• The operator has provided the school with all the notices required under COPPA, including a description of the types of personal information collected and  full notice of its collection, use, and disclosure practices. Based on these notices, the school should be able to answer these questions
      • What types of personal information will the operator collect from students?
      • How does the operator use this personal information?
      • What measures does the operator take to protect the security, confidentiality, and integrity of the personal information that it collects?
      • What are the operator’s data retention and deletion policies for children’s personal information?
      • Does the operator use or share the information for commercial purposes not related to the provision of the online services requested by the school? For instance, does it use the students’ personal information in connection with online behavioral advertising, or building user profiles for commercial purposes not related to the provision of the online service? If so, the school cannot consent on behalf of the parent.
      • Does the operator enable the school to review, prevent further collection and have deleted the personal information collected from their students? If not, the school cannot consent on behalf of the parent.





Privacy Differences between Consumer Gmail and G Suite for Education

Updated 2/4/2018:  Based on requests, I am providing a version of this information under creative commons licence that districts can copy and add their district specific settings and provide to their community. 

Updated on 12/19/2017 based on feedback and corrections from Kim Nilsson

This is a question that comes  up quite frequently. There are significant differences between the consumer Google accounts that are familiar to many parents, and the G Suite for Education accounts that are used in schools. Two significant differences are in the My Account settings and in Google search results.

Schools may also find it helpful to refer to Google’s suggested Notice template for schools when gathering parent or guardian consent and to this page for the privacy practices for specific Google services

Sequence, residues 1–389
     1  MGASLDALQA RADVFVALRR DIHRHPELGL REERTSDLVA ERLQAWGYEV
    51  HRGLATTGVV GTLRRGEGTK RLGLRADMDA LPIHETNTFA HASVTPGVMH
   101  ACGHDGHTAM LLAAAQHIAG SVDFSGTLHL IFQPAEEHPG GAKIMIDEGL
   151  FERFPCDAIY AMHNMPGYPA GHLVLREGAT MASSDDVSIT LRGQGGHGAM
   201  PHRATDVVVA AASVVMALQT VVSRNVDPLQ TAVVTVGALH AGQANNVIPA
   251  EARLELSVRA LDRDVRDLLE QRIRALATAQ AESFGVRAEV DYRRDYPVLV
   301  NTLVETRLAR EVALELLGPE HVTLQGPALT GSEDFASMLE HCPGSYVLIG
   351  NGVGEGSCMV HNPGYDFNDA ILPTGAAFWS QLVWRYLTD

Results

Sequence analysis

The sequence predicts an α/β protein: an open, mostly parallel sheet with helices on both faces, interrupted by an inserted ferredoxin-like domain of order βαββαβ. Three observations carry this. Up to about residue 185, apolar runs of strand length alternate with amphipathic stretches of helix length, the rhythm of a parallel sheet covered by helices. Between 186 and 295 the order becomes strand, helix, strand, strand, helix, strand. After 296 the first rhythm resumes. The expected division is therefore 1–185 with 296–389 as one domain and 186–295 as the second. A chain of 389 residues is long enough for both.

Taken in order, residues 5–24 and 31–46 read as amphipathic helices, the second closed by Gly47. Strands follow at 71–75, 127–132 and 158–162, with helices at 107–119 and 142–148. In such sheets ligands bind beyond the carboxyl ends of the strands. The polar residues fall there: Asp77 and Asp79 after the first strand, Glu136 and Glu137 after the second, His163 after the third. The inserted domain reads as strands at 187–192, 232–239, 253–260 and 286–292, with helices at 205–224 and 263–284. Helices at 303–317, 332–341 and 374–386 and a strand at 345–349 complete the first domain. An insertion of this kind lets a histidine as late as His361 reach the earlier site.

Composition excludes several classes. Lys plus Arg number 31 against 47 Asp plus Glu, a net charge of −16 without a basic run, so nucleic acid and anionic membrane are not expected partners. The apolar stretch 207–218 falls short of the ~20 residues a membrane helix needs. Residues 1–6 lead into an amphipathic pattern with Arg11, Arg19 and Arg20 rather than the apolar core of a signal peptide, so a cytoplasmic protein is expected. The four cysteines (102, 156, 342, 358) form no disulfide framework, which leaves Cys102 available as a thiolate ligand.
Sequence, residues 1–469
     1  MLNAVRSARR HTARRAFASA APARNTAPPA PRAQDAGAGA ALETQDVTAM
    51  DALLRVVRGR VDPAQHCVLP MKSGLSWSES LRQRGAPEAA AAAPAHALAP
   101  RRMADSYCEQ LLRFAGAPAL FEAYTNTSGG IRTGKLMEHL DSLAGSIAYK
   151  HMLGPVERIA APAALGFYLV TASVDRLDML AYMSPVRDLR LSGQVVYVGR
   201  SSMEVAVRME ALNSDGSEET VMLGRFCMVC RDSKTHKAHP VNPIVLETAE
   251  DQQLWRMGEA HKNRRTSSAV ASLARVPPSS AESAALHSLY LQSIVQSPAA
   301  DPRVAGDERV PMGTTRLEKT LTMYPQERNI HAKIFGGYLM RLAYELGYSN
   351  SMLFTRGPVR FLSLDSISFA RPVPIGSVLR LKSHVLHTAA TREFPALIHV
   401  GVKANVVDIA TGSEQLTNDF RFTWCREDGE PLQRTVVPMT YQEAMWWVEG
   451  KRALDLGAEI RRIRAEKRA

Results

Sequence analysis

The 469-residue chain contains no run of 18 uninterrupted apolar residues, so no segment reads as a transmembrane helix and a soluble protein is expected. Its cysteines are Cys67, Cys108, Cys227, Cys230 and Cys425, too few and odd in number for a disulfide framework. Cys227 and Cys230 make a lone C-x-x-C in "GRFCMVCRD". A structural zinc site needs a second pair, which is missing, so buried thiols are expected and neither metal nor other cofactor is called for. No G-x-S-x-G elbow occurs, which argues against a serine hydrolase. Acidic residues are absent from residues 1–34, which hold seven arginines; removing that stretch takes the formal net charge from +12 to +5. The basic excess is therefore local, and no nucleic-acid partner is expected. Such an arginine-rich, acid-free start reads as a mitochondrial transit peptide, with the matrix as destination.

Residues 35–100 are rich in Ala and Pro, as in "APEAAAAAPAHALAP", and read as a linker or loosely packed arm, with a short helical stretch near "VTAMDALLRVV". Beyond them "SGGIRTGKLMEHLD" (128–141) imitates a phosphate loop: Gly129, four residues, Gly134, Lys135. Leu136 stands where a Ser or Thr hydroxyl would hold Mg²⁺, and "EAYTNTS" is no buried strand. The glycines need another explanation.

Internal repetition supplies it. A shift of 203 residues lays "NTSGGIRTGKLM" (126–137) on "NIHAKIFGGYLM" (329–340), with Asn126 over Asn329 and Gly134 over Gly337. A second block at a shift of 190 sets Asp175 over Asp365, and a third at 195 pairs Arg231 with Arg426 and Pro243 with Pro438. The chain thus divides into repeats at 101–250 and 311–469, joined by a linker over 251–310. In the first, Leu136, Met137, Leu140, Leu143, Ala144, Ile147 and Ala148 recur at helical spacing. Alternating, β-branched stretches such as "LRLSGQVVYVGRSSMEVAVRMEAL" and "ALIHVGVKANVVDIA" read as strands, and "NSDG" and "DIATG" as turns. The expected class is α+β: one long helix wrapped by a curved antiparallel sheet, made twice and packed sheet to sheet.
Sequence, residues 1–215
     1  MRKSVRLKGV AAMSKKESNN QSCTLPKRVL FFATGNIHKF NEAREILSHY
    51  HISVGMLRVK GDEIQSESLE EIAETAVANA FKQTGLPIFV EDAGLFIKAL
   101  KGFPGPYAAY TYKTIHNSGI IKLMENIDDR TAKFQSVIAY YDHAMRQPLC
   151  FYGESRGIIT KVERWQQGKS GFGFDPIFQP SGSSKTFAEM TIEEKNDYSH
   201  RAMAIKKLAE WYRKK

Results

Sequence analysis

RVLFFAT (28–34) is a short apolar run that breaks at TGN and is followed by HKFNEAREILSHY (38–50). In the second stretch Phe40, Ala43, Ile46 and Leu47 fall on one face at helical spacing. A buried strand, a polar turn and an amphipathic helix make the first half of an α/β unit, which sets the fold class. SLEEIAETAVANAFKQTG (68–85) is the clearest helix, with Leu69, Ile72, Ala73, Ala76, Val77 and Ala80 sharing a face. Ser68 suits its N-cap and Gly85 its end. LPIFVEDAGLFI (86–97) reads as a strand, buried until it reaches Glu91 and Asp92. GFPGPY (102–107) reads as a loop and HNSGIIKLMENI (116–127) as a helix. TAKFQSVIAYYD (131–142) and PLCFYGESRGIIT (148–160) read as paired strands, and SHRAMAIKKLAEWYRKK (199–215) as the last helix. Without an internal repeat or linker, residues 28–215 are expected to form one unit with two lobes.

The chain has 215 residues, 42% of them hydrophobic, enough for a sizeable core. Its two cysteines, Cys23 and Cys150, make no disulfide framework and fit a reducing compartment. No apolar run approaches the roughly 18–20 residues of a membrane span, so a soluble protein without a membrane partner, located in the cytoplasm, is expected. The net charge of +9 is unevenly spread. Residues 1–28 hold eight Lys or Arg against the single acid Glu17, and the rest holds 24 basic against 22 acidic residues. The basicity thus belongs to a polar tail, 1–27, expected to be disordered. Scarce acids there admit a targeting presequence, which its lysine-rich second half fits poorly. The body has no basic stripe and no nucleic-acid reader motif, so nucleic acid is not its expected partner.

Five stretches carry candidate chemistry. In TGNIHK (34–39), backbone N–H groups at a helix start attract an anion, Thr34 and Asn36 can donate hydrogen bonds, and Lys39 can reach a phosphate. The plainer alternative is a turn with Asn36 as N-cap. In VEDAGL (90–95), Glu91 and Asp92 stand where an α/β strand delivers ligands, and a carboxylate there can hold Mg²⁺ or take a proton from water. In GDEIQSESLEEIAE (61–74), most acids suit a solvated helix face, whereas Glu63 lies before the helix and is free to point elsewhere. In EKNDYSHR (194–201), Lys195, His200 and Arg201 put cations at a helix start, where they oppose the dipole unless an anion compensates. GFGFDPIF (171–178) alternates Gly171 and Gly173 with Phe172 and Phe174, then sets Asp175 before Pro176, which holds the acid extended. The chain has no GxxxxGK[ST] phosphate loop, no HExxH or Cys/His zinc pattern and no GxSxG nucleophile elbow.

User Data Collection settings in User Dashboard and My Account

The Google Dashboard allows the user to see and manage the data in their Google Account. The “My Account” link under the user profile provides users the ability to review their account settings, and view and manage collected data. There are additional settings and activity views under the more-activity page. There are significant differences in the data collected between consumer Gmail and G Suite for Education accounts. Additionally, G Suite for Education administrators must manually enable non-education Google services. If a service (e.g. Google + or Blogger) is not enabled by the G Suite Admin, the user see will the following message and will be unable to access the service.

The following table compares the differences in the My Account settings between consumer and G Suite accounts.


Category Consumer Accounts G Suite for Education Accounts
Security Checkup Available Available
Privacy Checkup Available Available
Find Your Phone(details) Available Available
Signing in to Google
Sign in with your Phone Available Feature requires the following to be enabled by the G Suite Admin

Web & App Activity

Google Now for iOS and Android
Device Management->
Advanced Settings->
Other Google Services

Also requires the Google app for mobile be installed

Change Password Available/User Editable Available (See Note 1)
2-step verification Available Available (See Note 2)
Account recovery options
Recovery eMail Available/User Editable Available if enabled by Admins  (See Note 1)

Note This feature is  not an option if domain is using  Single Sign-On (SSO) or G Suite Password Sync. It also doesn’t work for users under the age of 18.

Recovery Phone Available/User Editable See above
Security Question Available/User Editable See above
Device Activity & Notifications
Recent security events Available Available
Recently used devices Available Available
Apps with access to your account

these are 3rd party services that the USER has given permission to access their account

Available/User Editable Available/User Editable
Saved passwords Available/User Editable Requires the Chrome Sync service to be enabled by the G Suite Admin for the user(G Suite Core).

more info

Allow less secure apps Available/User Editable This setting is managed by the district Admin.

more info

Personal Info and Privacy
Name Available/User Editable Editable by the G Suite Admin. Typically synced from a directory of student information system. There is a setting in the Admin control panel to allow/disallow users from editing their name
NickName Available/User Editable Editable only if Google + is enabled by the G Suite Admin for the user.
User Photo

Gmail setting

Available/User Editable Available/User Editable

There is a setting in the Admin control panel to allow/disallow users from editing their photo

Phone Available/User Used with Hangouts, Google voice or an android device Present if the user has provided a phone # and is enabled (e.g. when verifying an installed  mobile app)